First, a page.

When I was growing up, going to college felt inevitable. I had support and encouragement from my family (my parents met when they attended UNL, and my older sister went to college before me), I enjoyed school for the most part and got good grades, and college seemed like the easiest way to have new experiences beyond my hometown. Although I loved growing up in Burwell, Nebraska, I wanted to move beyond the small town bubble and see who I could be on my own.
What’s the plan?
The trouble came when I actually had to make decisions about what I wanted to do after high school. I am pretty indecisive by nature and I am not naturally a risk taker, so as high school was coming to an end, here was my thought process:
- I have to go to college…somewhere (out of state, maybe?).
- I need some scholarship money to get there (no idea how much).
- I want to be a writer someday.
By the time my senior year came around, it was time to start putting my plans for the future into action. The problem was, I still didn’t really have any concrete plans for my future, and time was running out.
Where should I go?
Choosing a major was easy—I had wanted to be a writer since I was 14 years old, so it felt like a no brainer to select an English major. Finding out where I would go to college and how I would get there was a different matter.
In the end, I decided to go to the University of Nebraska-Lincoln (UNL). I played with the idea of attending a Christian college and/or going out of state, but in-state tuition was cheaper. And (slightly embarrassing confession time), I also chose UNL because that’s where my high school boyfriend was attending. Although I had big plans to start all over, I was actually pretty scared of going somewhere all by myself. For the record, I do NOT recommend following a significant other to their college. When we broke up shortly after winter break my senior year (oops!), my decision to attend UNL was already pretty well set.
I’m sure I could have pivoted at that point to a different school if I had really wanted to, but I decided to stick with my original choice. Going to college with a smaller support network than I’d planned was not ideal for me at the time, but it wasn’t as if I had to be stuck at UNL forever if I ended up not liking it. So my decision was made: I’d see how UNL went my freshman year, and if I absolutely hated it, I’d look into transferring.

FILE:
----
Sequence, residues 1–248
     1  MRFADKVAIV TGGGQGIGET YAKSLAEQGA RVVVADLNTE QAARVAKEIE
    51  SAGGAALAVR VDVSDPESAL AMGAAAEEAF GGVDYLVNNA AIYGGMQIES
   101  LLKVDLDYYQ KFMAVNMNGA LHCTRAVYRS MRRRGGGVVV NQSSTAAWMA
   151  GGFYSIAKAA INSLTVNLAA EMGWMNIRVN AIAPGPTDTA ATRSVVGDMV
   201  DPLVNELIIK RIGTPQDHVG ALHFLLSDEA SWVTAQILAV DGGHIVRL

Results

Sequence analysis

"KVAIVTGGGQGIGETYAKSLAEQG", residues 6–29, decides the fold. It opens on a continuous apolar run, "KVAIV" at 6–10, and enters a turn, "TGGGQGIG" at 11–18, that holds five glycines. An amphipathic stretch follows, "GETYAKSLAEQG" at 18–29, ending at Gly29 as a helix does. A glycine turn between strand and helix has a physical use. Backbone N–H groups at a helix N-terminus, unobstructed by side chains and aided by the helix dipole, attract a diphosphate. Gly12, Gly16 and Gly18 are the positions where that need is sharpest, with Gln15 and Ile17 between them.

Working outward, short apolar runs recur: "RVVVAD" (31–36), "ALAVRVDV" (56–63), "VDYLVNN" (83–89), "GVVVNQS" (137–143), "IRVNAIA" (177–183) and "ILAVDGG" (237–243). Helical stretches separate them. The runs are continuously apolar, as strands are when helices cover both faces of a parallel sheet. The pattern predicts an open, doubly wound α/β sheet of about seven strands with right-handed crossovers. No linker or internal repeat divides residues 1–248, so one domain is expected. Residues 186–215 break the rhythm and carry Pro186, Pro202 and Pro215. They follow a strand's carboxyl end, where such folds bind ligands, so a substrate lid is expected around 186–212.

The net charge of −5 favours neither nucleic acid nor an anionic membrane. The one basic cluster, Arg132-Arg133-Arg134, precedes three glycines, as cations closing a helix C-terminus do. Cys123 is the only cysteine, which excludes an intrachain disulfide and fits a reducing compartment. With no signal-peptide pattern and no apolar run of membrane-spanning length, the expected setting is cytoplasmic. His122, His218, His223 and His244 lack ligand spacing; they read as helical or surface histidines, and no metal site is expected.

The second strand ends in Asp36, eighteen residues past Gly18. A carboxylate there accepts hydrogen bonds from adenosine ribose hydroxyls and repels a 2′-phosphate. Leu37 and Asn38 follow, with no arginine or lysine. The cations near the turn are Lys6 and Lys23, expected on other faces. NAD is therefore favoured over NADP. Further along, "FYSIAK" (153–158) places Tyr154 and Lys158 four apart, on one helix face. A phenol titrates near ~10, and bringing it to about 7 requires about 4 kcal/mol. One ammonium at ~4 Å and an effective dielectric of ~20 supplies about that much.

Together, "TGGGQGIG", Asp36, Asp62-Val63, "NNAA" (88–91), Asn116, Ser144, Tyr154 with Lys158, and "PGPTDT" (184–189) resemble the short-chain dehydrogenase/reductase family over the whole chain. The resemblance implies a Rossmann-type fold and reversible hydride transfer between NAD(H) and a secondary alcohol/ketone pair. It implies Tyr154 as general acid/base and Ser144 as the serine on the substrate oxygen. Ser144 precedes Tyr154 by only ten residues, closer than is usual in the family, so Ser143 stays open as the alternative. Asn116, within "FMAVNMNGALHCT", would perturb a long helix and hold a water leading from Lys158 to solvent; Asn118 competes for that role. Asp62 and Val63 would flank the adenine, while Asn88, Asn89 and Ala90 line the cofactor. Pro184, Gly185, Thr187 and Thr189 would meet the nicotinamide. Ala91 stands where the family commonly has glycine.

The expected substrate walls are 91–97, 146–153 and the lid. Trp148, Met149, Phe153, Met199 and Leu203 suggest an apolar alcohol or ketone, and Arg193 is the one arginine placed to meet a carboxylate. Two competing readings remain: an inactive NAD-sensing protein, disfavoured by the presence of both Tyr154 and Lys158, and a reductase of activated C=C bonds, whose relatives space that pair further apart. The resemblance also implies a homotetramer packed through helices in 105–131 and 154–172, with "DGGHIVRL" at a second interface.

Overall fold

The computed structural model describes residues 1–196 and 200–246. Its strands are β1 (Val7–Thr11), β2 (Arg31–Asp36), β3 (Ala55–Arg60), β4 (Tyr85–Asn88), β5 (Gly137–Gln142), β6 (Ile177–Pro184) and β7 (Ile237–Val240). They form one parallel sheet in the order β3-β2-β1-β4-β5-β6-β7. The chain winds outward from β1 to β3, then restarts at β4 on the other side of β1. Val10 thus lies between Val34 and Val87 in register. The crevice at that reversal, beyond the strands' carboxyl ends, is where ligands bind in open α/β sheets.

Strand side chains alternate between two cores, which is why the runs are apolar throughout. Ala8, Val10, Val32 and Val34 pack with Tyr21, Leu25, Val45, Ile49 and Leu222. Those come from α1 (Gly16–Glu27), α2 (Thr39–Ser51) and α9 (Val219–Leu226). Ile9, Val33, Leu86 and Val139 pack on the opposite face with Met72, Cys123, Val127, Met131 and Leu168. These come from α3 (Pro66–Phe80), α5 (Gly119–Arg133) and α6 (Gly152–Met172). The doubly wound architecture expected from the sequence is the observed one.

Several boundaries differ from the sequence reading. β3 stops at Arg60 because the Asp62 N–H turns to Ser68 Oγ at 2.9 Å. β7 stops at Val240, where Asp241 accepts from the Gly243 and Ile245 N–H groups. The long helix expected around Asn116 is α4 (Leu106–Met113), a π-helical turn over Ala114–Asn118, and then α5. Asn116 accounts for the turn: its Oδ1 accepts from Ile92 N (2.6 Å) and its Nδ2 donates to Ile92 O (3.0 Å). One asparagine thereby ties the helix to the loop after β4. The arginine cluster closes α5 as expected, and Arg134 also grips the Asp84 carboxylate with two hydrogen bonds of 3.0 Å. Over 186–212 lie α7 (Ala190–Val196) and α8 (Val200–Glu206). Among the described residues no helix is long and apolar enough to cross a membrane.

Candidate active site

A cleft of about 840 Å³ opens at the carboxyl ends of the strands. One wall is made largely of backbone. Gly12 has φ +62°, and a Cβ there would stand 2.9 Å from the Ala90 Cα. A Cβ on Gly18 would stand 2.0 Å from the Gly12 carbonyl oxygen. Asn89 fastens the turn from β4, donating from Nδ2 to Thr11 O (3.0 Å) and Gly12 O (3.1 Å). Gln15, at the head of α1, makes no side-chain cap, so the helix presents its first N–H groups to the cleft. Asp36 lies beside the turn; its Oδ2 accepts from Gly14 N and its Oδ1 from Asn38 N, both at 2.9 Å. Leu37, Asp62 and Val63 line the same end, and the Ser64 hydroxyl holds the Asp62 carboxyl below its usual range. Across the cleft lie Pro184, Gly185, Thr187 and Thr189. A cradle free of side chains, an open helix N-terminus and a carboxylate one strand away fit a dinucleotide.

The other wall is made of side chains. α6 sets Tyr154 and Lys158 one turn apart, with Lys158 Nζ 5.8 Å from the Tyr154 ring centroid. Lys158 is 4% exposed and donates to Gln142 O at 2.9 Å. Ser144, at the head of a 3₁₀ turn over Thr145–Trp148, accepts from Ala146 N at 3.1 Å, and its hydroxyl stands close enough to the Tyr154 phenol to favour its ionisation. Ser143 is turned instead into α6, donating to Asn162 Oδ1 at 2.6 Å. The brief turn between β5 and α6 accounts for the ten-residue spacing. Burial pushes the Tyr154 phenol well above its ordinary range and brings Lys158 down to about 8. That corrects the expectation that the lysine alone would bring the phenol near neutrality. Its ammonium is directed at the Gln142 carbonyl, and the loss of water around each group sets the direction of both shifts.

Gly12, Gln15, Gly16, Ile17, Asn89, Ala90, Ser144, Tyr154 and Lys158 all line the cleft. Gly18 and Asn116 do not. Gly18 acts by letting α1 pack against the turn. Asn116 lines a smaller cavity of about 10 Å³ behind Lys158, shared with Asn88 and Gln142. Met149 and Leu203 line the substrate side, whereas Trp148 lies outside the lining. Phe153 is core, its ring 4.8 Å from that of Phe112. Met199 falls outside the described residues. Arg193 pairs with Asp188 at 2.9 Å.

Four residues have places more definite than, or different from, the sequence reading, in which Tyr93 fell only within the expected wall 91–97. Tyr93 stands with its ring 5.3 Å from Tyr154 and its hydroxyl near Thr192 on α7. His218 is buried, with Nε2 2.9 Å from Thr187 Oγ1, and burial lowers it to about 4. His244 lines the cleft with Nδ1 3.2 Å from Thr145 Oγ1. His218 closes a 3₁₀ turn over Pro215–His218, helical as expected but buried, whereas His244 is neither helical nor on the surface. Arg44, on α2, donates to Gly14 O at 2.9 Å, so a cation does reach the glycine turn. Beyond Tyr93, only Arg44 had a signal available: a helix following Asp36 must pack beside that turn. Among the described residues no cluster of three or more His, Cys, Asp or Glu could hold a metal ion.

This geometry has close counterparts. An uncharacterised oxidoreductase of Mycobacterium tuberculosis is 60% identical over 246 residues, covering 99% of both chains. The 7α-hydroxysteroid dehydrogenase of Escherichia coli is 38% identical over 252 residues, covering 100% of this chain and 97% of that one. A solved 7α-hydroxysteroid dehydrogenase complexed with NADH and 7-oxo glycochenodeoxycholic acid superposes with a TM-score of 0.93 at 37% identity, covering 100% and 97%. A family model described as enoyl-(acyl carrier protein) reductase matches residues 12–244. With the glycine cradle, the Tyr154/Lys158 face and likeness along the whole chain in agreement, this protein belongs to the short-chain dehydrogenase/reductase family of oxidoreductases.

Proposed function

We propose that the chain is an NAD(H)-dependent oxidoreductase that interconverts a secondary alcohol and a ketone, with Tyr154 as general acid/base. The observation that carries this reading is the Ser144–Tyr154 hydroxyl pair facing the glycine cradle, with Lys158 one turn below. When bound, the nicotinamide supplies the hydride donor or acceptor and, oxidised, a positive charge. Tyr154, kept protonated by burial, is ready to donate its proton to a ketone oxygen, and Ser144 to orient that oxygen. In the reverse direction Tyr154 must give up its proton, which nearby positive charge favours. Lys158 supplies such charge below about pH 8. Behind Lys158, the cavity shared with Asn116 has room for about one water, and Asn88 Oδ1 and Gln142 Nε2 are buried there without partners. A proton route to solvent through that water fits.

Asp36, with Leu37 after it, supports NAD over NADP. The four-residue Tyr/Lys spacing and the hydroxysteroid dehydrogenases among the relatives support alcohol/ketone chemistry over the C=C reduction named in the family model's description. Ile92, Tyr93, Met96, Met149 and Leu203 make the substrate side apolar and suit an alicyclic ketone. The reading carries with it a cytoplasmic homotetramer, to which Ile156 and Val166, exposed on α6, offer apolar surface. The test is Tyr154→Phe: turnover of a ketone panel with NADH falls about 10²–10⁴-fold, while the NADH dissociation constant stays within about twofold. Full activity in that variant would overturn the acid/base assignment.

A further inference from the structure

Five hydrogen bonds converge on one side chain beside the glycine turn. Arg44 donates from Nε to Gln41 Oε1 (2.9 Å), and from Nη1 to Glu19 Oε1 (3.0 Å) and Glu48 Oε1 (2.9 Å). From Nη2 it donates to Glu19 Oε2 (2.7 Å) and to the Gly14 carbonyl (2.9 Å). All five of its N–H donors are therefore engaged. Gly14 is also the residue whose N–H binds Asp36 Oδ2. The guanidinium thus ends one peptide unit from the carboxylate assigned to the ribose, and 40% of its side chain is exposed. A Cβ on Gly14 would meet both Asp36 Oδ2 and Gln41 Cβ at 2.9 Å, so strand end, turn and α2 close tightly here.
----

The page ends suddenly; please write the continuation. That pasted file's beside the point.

Find some cash!
Now that I knew where I was going, the next step was finding a way to get there. I knew that my parents would pay for some of it, and I expected to take out some student loans. The last step was to apply for scholarships. This proved to be difficult, not because I wasn’t qualified to receive scholarships, but because I didn’t like filling out scholarship applications. I disliked it so much, in fact, that I applied for way fewer scholarships than I should have (oops #2!).
I ended up with a handful of scholarships, but I could have made my life a lot easier by applying for more. I’m fortunate enough to have been able to pay off my student loans a couple years early, but it was not easy. I could have paid them off even earlier if I had applied for more scholarships.
In the end…
My freshman year of college was challenging, but it also turned out great. I didn’t have much luck making friends in my dorm, but I found great groups of friends through extracurricular activities and my work study job. After four years (and one summer), I graduated with my bachelor of arts in English and creative writing. Looking back at my college journey, here are some lessons that I learned:
- It’s ok to not have a concrete plan—whether it’s a dream school or a dream job.
- Listen to other people’s advice, but make the best choice for you.
- The more you learn about yourself, the more you find out what you want out of life.
- Mistakes can turn into opportunities!